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HPE would be interested in buying Nutanix

H.P.E. can be very interested in buying Nutanix. This is stated in The Register, where they point out that HPE has been holding intermittent conversations with the hyper-converged infrastructure provider for several months with a view to a possible purchase operation. Apparently there are rumors on Wall Street since October that Nutanix is ​​considering its sale.

However, since its market capitalization fell to 3.1 billion dollars in the summer, which undoubtedly increased interest in its purchase, Nutanix’s financial situation has been improving steadily. Of course, in its fiscal year 2022 its losses net are 798 million dollars.

In what is already the first quarter of its fiscal 2023 year, Nutanix appears to have reined in its losses, turning the tables and pushing its market capitalization to $6.24 billion at the same time. In fact, if it continues like this, it is more than possible that they will pay off before the end of 2022.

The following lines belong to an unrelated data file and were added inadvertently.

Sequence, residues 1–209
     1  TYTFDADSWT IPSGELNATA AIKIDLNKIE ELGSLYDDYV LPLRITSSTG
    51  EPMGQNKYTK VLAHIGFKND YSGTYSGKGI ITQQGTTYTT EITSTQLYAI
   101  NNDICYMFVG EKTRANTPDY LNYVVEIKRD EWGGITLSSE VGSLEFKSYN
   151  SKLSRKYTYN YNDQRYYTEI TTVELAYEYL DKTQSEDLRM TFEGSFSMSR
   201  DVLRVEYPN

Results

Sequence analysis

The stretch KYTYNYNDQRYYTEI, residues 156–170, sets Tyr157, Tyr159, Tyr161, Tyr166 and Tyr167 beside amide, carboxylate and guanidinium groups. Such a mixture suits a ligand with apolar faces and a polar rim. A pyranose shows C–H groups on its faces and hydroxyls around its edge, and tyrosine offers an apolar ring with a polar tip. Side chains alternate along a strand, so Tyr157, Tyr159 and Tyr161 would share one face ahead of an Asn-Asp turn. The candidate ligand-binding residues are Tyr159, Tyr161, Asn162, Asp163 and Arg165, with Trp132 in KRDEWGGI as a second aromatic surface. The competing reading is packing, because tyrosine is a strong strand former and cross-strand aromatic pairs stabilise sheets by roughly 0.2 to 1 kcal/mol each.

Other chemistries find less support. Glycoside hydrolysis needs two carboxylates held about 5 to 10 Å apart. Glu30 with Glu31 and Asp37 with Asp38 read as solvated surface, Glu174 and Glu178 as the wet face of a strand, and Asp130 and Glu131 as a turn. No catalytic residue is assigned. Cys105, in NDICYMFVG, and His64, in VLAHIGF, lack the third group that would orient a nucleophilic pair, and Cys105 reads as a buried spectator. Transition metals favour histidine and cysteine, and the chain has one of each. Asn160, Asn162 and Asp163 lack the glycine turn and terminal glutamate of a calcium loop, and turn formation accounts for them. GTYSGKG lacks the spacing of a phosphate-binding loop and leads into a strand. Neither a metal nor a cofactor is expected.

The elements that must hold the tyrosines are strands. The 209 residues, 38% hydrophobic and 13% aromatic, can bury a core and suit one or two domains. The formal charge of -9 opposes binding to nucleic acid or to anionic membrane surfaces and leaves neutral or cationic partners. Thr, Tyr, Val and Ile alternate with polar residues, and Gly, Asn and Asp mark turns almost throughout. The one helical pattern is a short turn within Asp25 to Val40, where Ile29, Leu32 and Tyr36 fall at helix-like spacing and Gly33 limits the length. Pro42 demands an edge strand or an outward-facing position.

Given the panorama, one wonders what HPE might want from Nutanix if it decides to buy it. One possibility is the integration of its storage and virtualization services and technologies into the HPE GreenLake Everything-as-a-Service (XaaS) platform.

Of course, it may be that at HPE they are not the only ones interested in the company. First, because what it might cost to buy it, in principle, is only within the reach of one of the main cloud providers. That is, Amazon, Google or Microsoft. Any of these three would use the company’s software areas for quick sales to their hybrid cloud customers. But those same qualities that make Nutanix storage and virtualization suite attractive for cloud providers they have the same effect for HPE and its GreenLake software strategy.

Introduced in 2018, GreenLake was HPE’s commitment to bring the pay-as-you-go model from the cloud to local data centers. In 2019, HPE announced plans to bring its entire portfolio of products and services under the GreenLake umbrella. But unlike rival XaaS providers, such as Lenovo with TruScale, HPE has leaned heavily on software to sell its GreenLake vision, developing a cloud-like control plane—and its own.

Over the past few years, the company has been releasing more additional features from time to time. Among them Kubernetes, block storage and operations management. Despite this, HPE is having some difficulty attracting its 80,000+ partners to the model, and may see Nutanix as a way to attract more customers to its platform.

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